The Drum’s Promotion Fix columnist, Samuel Scott, moderated a panel discussion last week on publisher adtech trends in 2019 at the Barcelona office of adtech company Marfeel.
The participants were Marfeel chief executive Xavi Beumala, Forrester Research senior analyst Susan Bidel, Den of Geek US chief executive Jennifer Indeck and Rubicon Project’s Cayetano Chimeno. These are the highlights of their conversation.
Scott: Print, TV and radio numbers are independently audited, but ad networks such as Facebook and Google largely don't let that happen. We saw a new lawsuit in the US last week alleging that Facebook committed fraud by not disclosing bad video ad view data for more than a year. We have seen other data corrections in the past. Should we trust Facebook's numbers ever again?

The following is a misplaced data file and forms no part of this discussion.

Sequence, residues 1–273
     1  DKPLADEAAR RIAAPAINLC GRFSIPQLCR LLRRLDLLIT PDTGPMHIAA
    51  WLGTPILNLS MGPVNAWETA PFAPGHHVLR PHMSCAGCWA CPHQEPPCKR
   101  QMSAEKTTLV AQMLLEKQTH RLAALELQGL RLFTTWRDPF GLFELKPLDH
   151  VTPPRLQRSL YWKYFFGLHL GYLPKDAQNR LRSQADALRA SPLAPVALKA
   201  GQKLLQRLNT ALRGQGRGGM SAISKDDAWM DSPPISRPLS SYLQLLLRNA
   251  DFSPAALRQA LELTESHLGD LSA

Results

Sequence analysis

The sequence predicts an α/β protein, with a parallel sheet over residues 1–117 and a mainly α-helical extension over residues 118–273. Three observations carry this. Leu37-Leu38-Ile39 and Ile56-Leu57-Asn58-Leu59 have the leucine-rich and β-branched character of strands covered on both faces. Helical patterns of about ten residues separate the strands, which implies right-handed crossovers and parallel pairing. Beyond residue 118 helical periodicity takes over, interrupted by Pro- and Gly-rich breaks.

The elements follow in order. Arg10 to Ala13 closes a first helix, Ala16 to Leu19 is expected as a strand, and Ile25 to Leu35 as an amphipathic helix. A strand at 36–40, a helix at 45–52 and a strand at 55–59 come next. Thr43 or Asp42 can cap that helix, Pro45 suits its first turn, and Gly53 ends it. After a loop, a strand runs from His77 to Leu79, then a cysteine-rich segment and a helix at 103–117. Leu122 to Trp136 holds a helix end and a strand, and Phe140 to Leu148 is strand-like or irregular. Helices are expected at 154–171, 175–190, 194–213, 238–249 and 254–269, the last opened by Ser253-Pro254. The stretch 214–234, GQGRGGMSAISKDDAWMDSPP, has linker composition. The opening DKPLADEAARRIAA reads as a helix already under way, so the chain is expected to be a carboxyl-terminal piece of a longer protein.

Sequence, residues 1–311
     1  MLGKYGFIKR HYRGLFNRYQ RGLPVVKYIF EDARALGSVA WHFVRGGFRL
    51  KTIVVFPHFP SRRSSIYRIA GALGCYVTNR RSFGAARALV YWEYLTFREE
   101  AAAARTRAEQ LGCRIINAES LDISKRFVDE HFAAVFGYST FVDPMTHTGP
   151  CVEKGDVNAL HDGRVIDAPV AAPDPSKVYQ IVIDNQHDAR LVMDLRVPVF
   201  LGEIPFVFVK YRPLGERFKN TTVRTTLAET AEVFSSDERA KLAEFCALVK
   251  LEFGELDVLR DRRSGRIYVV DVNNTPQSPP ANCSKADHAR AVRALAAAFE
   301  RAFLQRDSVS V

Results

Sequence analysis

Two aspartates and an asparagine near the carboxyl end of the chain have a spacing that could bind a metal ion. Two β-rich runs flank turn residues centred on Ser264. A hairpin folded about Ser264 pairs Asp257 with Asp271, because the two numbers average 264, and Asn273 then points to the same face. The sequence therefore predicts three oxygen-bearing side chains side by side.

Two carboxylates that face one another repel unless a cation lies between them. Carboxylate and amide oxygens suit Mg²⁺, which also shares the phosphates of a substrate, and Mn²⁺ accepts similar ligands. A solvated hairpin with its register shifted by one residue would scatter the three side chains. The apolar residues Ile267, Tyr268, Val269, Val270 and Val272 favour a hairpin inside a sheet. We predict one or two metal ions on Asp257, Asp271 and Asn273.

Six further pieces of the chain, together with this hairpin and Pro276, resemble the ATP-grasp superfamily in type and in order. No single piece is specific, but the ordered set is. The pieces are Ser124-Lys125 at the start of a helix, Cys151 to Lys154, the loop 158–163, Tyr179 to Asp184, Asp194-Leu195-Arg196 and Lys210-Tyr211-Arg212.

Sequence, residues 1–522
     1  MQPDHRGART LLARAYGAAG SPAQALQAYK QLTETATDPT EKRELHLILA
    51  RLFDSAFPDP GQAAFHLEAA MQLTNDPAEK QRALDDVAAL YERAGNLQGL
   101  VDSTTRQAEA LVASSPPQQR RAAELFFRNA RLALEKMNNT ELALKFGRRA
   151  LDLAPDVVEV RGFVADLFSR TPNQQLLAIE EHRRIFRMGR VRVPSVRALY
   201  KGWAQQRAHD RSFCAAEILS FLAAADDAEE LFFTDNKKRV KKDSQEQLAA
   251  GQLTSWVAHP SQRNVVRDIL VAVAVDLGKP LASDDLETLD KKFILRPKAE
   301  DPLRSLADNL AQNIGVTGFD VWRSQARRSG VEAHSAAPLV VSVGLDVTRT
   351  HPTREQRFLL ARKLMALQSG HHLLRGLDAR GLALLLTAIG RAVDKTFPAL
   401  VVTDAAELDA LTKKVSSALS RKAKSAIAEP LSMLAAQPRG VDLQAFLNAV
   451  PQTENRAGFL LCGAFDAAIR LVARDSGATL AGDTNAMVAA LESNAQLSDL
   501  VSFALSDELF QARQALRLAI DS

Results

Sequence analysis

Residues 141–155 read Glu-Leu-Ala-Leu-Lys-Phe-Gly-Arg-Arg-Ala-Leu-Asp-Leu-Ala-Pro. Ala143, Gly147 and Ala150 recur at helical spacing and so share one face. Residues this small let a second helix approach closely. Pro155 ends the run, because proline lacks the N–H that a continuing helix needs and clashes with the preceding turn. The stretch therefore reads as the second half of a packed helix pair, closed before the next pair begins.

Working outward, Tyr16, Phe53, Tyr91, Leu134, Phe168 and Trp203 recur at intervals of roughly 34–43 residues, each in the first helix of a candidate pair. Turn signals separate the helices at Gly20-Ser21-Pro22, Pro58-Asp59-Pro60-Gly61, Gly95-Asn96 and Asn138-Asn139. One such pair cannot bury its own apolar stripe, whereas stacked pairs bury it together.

Beumala: Facebook has given bad viewability data, but my question is, “who has given good viewability data?” Viewability and measurement in the advertisement world are screwed up all over the place – not only with Facebook.
Indeck: I think people aren't sceptical enough about data. We do have to use our minds while we're looking at things and think, “does this make sense?” As advertisers, marketers and publishers, we have to have a healthy dose of scepticism when we're using any data.
Bidel: As an industry, if we really want to mature, we need to have standards that everybody abides by so that everyone is comparing apples to apples and working on the same playing field. Without that, I think it's just never going to mature into the kind of business that marketers and publishers need it to be.
Scott: But who sets the standards, and who enforces them?